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0035 Marco Polo : vol.1
Marco Polo : vol.1 / Page 35 (Color Image)

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doi: 10.20676/00000271
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engineers.' But if the Yüan shih is right, I-ssú-ma-yin had already reached Khan-balk] in 1271 or very early 1272, when the Polo caravan had barely left Laias.2 The Chinese accounts corroborate Marco Polo in every other detail except the important names and dates, recording even the trial of the machines before Qubilai, and it is perhaps wiser to admit that whether intentionally or not a serious mistake was made, and that this story cannot invalidate other arguments for the date of the party's arrival at Shang-tu. The year 1275 would fit well enough too with the final return to Venice in 1295, after about seventeen years in China and a journey by sea and land which may well have lasted for more than three years.3

1 Marco Polo, 1932, p.432.

2 cf. Yüan shih c. 203, fol. 4v0.

It is right to mention the solution proposed by the late A. J. H. CHARIGNON (Marco Polo III. pp. 53, 54, 297). Starting from a conviction that the story must be true and that three or three and a half years are impossibly long times for the journeys (see pp. 8o, 84 below), he argued that the three years covered the journey from Bukhara to Shang-tu and back to Acre, while the three and a half years covered the same journey from Shang-tu to Acre, two years at Venice, and the return journey to Shang-tu. This complicated overlapping of the two periods, of which there is no trace in the text, is almost enough in itself to condemn the suggestion. But in addition it is to be observed that CHARIGNON accepts some figures--the year from Bukhara to Shang-tu, the seventeen years sojourn, the dates 1269 and 1290--with simple faith ; he makes " going and returning " the exact equivalent of " returning " ; he completely ignores the repeated statements of the exceptional difficulties and delays met with on both journeys, the recorded examples of other slow journeys, the possibility that the party was delayed by illness in the Pamir or by business at Kan-chou, and above all the fact that if his chronology is proved to be right the problem is still unsolved, because we have good reason to believe that the exact part in the siege which is ascribed to Nicolò, Maffeo, and Marco Polo was taken by quite other persons.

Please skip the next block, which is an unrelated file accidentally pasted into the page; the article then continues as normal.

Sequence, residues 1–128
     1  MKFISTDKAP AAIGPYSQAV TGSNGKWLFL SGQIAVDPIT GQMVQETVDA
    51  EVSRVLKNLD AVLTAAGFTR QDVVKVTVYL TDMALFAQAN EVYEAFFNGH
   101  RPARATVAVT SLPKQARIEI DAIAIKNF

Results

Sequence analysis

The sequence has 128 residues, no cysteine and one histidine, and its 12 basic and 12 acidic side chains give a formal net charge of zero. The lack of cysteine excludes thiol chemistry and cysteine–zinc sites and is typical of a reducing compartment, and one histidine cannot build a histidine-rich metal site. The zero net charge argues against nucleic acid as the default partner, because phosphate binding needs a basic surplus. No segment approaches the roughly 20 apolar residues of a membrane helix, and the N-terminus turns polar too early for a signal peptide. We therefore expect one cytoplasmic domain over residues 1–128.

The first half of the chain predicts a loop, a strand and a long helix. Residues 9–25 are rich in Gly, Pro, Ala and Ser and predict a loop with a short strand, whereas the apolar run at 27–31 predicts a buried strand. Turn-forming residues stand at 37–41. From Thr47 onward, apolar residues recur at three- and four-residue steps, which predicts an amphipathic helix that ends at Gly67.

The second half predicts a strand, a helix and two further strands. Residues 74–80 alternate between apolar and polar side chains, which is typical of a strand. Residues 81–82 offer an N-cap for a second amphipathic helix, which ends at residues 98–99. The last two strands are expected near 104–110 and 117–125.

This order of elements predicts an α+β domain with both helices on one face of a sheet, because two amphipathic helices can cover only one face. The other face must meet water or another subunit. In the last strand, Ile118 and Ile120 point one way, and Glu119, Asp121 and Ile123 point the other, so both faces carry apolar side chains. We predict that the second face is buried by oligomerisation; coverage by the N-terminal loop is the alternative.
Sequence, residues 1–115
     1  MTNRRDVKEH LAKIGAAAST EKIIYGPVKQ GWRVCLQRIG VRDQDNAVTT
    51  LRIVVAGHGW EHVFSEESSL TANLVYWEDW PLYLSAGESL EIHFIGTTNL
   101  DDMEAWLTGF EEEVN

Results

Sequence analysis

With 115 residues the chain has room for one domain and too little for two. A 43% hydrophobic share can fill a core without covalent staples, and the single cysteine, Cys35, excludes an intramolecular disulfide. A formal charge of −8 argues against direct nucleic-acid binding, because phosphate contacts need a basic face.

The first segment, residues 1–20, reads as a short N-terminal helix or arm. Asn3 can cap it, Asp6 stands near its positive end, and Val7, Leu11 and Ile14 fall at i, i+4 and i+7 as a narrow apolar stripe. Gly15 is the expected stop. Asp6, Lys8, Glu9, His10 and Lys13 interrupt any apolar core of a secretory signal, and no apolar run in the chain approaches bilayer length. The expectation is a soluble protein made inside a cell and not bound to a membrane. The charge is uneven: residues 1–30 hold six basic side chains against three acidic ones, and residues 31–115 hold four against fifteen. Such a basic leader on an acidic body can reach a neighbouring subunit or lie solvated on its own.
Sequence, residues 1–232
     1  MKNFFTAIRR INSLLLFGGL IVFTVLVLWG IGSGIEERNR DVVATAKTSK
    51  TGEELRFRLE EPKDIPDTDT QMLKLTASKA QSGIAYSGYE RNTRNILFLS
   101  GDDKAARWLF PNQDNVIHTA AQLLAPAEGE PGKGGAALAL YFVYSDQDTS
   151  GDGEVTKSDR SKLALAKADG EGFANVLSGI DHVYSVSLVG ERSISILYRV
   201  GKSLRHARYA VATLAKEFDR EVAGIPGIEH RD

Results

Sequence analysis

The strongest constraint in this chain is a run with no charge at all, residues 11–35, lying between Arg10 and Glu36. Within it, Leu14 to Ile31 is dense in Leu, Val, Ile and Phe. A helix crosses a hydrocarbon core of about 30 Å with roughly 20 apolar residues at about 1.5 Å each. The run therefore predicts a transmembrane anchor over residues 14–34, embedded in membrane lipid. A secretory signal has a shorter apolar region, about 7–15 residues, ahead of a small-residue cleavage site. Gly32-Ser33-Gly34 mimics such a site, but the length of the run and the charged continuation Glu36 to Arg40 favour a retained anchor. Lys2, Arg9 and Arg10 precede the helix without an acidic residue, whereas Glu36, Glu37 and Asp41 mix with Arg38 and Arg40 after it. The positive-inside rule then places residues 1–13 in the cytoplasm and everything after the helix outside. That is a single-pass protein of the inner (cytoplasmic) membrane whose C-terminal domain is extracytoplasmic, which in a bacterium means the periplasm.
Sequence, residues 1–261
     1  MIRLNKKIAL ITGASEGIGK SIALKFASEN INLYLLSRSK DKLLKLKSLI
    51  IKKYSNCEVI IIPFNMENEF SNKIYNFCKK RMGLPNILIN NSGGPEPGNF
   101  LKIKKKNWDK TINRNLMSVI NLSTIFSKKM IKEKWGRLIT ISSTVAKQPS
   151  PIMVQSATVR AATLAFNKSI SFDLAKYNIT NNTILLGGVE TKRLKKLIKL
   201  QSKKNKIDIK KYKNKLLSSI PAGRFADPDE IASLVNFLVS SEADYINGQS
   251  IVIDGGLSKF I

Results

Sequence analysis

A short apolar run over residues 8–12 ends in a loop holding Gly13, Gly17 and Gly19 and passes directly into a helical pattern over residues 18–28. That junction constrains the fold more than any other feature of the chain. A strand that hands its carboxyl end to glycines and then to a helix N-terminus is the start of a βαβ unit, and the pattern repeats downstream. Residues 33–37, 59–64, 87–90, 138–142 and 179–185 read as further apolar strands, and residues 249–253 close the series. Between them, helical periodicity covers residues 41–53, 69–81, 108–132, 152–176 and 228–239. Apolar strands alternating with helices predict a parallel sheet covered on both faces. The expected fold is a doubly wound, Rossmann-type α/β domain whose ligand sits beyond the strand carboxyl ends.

3 See PN (Cocacin). Marco Polo succeeded unfortunately well in his resolve not to describe his personal journeys, nor those of his father and uncle, after the summary statement of the first nineteen chapters. In those chapters we read that they rode from Soldanie to Bulgara; and thence they went to where the great Kaan was. They returned on horses, and rode till they were come to Laias, and thence by ship to Acre and Venice. Two years later they rode from Laias to Chemeinfu, and on the final journey home they sailed from Zaitun to Persia, and rode thence to Trebizond. But in what way Marco or his party travelled in China we are left to infer from the completely impersonal description of the routes. Everywhere "one goes". In Cathay and the south-west one sometimes rides, and ala alternates with chevauche just as, at sea, it does with naje, "one sails". But from Giogiu to Zaitun one always and only "goes". The frequent chevauche of FG is not supported by F or by the other early versions except VB. Looking for other indications we find that, with the exception of the Brius and other streams in the south-